Morserino-32, a multifunctional Morse code device, ideal for learning Morse code, or for improving your Morse code skills.
This kit will change how people learn and practice Morse code. Based on a previous device (the MetaMorserino) and on the experiences of CW Schule Graz, Morserino-32 features a number of functionalities that are, in its combination, unrivaled by any other morse code practice device on the market:
- CW Keyer
- Code Generator
- Echo Trainer (repeat what you hear)
- CW Decoder (from a straight key or from audio input)
- CW Transceiver, using LoRa in the 70cm band
It comes with capacitive touch paddles, so you can start learning and practicing without the need to buy an expensive mechanical paddle. But of course, once you have learned the basics and are on your way to the High Speed Club, you can of course connect your favorite mechanical paddle.
Almost everything is configurable, from the keyer mode (Iambic A, B or Ultimatic, with Iambic B parameters configurable independently for dots and dashes), over extra space between characters and/or words, to the characters you want to practice (of course it supports the widely used Koch method for learning the code).
The Echo Trainer mode is particularly interesting for practicing to copy code in your head (without writing down what you heard).
Unseen in any previous device is the built-in LoRa transceiver, which allows two or more Morserino-32s to have conversations in morse code, over distances up to several hundred meters, depending on your environment. This works on the 70cm band (around 433 MHz), which, at least in Europe (ITU region 1), also happens to be an ISM frequency, so that you can use it there without the need for a ham radio license.
For those who want to practice in teams spread over a wider area, you can connect the Morserino-32 to a computer (through audio in and line-out) and use iCW (CW over Internet, using the Mumble protocol).
Morserino-32 is built around the extremely powerful IoT module “ESP32 LORA” from Heltec, It features the ESP32 32-bit microcontroller, an OLED display, and connectivity through WiFI, Bluetooth and LoRa.
There are connectors for a transmitter / transceiver (so you can use the Morserino-32 as an external keyer for those; keying is through a MOSFET optocoupler, so you can key voltages of any polarity up to 60 V, and you have full electric insulation between the Morserino-32 and your transmitter), a 4-pole audio jack for audio in (for using the decoder) and line-out (needed for CW over Internet, for example), and for an external paddle.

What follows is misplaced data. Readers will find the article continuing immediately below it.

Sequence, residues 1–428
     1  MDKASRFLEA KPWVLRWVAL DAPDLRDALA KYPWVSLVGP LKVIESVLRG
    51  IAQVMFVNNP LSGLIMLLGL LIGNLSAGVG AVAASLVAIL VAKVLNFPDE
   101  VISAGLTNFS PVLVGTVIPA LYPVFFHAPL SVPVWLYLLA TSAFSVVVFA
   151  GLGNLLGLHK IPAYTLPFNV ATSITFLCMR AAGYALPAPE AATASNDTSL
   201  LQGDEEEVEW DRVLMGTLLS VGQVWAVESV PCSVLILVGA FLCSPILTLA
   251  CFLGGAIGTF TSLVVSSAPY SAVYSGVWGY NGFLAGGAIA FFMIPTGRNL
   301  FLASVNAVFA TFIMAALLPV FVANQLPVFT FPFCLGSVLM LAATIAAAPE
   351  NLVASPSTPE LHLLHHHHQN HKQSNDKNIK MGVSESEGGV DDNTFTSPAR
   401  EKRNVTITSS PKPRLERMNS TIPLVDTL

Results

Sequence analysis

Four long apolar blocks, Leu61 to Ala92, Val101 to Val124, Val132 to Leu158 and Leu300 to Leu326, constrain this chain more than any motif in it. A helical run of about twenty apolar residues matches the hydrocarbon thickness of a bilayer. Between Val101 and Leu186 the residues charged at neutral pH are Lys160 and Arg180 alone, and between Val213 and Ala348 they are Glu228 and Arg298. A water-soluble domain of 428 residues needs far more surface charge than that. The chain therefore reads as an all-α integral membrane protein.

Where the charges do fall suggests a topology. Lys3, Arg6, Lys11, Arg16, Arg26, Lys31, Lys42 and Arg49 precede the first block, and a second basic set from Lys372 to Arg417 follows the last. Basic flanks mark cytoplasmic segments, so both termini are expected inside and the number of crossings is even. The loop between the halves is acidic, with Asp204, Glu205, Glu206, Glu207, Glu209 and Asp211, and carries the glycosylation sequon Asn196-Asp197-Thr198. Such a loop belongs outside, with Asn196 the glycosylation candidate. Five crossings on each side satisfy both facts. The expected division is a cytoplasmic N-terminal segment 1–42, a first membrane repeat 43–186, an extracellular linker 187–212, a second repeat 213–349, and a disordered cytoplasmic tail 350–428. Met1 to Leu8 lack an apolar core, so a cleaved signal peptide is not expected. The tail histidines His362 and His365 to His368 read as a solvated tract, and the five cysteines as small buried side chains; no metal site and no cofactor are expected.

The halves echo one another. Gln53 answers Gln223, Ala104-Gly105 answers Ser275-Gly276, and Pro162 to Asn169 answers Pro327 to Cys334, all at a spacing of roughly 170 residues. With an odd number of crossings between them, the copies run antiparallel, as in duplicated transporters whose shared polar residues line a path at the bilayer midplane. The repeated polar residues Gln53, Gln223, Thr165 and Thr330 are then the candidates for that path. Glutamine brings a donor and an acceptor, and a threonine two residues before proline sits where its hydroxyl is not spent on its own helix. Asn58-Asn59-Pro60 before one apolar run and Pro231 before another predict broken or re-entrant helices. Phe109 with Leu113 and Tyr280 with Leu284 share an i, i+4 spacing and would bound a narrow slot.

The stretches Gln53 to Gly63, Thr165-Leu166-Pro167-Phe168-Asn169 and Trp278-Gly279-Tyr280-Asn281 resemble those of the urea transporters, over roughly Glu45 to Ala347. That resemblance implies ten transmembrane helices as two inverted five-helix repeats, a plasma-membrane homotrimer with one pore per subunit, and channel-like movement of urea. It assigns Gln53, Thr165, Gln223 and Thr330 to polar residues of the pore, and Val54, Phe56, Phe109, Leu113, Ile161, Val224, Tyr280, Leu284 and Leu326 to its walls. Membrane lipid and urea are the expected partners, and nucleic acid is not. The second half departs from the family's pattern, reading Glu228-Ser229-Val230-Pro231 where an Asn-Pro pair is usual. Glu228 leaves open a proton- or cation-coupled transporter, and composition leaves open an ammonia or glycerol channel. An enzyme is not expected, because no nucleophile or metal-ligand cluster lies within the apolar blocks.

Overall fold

On board are a rotary encoder with a push-button switch functionality, and another push-button, to give you (together with the OLED display) an intuitive user interface.
The kit is easy to assemble, as all the small SMD parts are already on the PCB, so you only have to solder in a handful of through-the hole parts, like the jacks, speaker, switches and the rotary encoder. Of course, you should have some previous experience with soldering a kit, if not, you should get some advice and/or help from an experienced kit builder. This is also an ideal kit building project for your local electronics or radio enthusiasts’ club, or your local scouts group!
The kit comes with a simple case, made from acrylic glass (laser cut and engraved), consisting of a bottom and a top plate and alle the necessary Nylon distance pieces and screws), plus a removable and foldable antenna, together with its connector and cable assembly.
With a little bit of kit building experience you will be able to assemble everything together in less than half an hour.
Power supply of the Morserino-32 is either through its micro USB connector (so you can use the usual mobile phone chargers), or through a small LiPo battery (the battery is not supplied, because shipping LiPo batteries is heavily regulated and therefore tricky and possibly expensive). But you can source the battery easily, as it is a common type for RC models, quadcopters etc. The electronics needed to charge and use the battery are already part of the microcontroller module used, and the battery will be charged through the USB connection..
The software for the Morserino-32 is open source – if you know how to use an Arduino IDE on your computer you can download and modify the software, if you think you need to extend or improve its functionality. One example would be to connect a GPS module (the serial port for communicating with the Morserino-32 is already provisioned on the PCB) and extend the software to use the device as a LoRa APRS beacon…